Brief Historical Summary of Henderson Institute
1865 – 1974
Prior to 1865, there was not a school in Vance County and the Surrounding Counties dedicated to providing “Colored People” an opportunity to obtain a formal education.
Henderson Institute Timeline
The United Presbyterian Church of the North
Henderson Institute Established
Henderson Institute, formerly known as The Institute, was established and operated by the Freedmen’s Board of the United Presbyterian Church through its Central Office in Pittsburg, Pennsylvania. The Board discontinued an earlier school in Bluestone, Virginia (near Clarksville), and moved some of the buildings to an area that was designed for the Institute’s Campus in the Rockspring Street area in Henderson, NC. The Church then continued to advance its mission of moral and intellectual development of newly freed slaves.
J. M. Fulton, Principal (1891 – 1893)
Dr. J. A. Cotton, Principal (1903 – 1943)
Dr. J. A. Cotton was the second Colored principal. He introduced many changes, such as renaming the school. He dropped the words Normal and Industrial from the school name. Afterwards, it was known as Henderson Institute. Also, under Dr. Cotton’s leadership, the Vance County Board of Education relieved the United Presbyterian Church of oversight of Henderson Institute.
L. E. Spencer, Principal (1947 – 1969)
One of our most notable and longest-tenured principals was Mr. Leander Essex Spencer. Mr. Spencer was principal at Henderson Institute for 22 years, from 1947 to 1969. He was highly respected in the community and throughout the state, as was Henderson Institute. The school thrived under his leadership in academics, sports, vocations, music, and theatre. Upon retirement, he went on to become a very successful land developer.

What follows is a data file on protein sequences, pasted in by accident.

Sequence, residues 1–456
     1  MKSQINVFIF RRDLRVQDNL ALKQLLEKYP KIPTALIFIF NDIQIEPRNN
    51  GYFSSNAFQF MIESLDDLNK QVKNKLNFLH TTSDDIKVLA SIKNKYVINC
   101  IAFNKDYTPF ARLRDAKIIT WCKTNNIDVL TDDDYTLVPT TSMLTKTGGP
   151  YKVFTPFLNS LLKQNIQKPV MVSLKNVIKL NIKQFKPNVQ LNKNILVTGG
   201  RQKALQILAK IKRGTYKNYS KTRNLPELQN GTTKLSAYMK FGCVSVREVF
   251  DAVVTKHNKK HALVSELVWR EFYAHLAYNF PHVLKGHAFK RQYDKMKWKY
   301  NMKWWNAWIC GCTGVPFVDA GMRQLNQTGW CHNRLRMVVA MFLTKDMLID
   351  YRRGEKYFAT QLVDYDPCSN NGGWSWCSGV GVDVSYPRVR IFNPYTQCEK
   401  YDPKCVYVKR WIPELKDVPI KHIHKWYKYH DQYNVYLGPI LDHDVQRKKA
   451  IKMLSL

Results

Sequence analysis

Clarence V. Knight, Principal (1969 – 1970)
In 1969, Clarence V. Knight, Assistant Principal to L.E. Spencer, fondly known as ‘Boss,’ was named principal. He served in this capacity until the school closed in 1970 due to integration. Boss Knight transferred to Vance Senior High School to teach Driver’s Ed, a position he held at Henderson Institute for many years.
Class of 1930 Reunion (1975)
Library Science Building Leased (1980)
During the Alumni Association’s Annual meeting in 1980, members discussed the restoration of the Library Science Building. It was one of the last two remaining buildings located on the former Henderson Institute Campus. A committee headed by Henrietta C. Clark, Chair, met with the Vance County Board of Education and requested permission to lease the building. The request was granted, provided the group incorporated with a Board of Directors to provide overall Governance of the Association.
Establishment of the Henderson Institute Graduates and Former Students Association, Inc. (1982)